By Mark Z. Barabak
Los Angeles Times
ROCK HILL, S.C. – Laura and Lamont Williams live in a house divided.
Laura is crazy for Pete Buttigieg, the young political phenom. "He just speaks to my heart," she said after cheering the Indiana mayor at a rally that bulged beyond the capacity of the city's red-brick amphitheater.
Lamont is undecided in the presidential race, but leaning toward Joe Biden, the septuagenarian sitting uneasily atop the Democratic field. "My important issue right now is winning," he said, as his wife offered an indulgent smile."Somebody who can beat Trump."
Laura Williams, 42, is white, like the overwhelming majority of Buttigieg backers.
Lamont Williams, 46, is black, like the voters who form the bedrock of Biden's support.
Standing alongside his wife at last weekend's outdoor rally _ wearing a "Pete 2020" sticker, like a good husband _ Williams was conspicuous as one of only about two dozen African Americans in the crowd of more than 1,500.
The scarcity reflects a peril facing Buttigieg's campaign.
He may be a fundraising powerhouse. He may have surged into contention in Iowa and New Hampshire, the two early-voting states that will help cull the vast Democratic field. But it seems impossible for him to win the nomination without drastically improving his standing among African Americans, the base of the party, here in South Carolina and across the country.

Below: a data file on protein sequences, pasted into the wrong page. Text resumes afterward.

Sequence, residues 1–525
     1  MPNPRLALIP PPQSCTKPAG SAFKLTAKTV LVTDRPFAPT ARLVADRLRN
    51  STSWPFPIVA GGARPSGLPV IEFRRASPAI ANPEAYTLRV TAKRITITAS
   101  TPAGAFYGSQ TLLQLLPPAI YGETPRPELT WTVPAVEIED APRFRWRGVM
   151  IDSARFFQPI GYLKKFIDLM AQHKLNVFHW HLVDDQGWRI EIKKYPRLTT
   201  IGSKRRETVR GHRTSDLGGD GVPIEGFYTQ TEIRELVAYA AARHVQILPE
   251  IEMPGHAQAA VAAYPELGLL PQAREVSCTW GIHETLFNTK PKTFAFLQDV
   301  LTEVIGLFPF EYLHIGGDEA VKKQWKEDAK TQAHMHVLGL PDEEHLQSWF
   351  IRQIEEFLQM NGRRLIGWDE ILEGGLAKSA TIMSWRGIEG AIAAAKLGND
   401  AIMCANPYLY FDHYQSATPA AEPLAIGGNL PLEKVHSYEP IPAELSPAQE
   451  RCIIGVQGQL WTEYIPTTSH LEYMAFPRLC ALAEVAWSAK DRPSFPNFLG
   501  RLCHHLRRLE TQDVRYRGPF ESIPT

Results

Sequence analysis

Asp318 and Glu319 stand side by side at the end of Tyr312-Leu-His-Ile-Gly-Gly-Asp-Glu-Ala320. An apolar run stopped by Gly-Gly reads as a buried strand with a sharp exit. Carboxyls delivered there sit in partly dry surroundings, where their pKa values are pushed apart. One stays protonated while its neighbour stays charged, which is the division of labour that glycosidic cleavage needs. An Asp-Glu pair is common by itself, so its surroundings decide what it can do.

Surveys show Buttigieg's support among black voters in the low single digits and his approval rating, while positive, lagging far behind those of his main rivals, Biden and Sens. Elizabeth Warren of Massachusetts and Bernie Sanders of Vermont.
A good part of the reason may be a lack of familiarity with the 37-year-old mayor of a midsized city.
"So much depends on a sense of knowing you," Buttigieg told reporters after speaking at a service for black congregants from the region. (Worshipers were greeted by a stack of Biden fliers on a table outside the sanctuary.)
"When you've been on the scene for years or for decades you have the benefit of voters feeling like they have a sense of you," Buttigieg said. "I think that we can create that at an accelerated pace, but that means I've got to do the work."
Some resistance may stem from controversies back home in South Bend, Ind., over the 2012 firing of the city's black police chief and last summer's fatal shooting of a black man by a white police officer. There have also been campaign missteps. In October, Buttigieg returned thousands of dollars contributed by a Chicago lawyer who tried to block the release of a video in the 2014 police killing of a black teen.
Some of it owes to Buttigieg's relative inexperience, especially compared with Biden's nearly half-century in public life – including eight years as Barack Obama's vice president.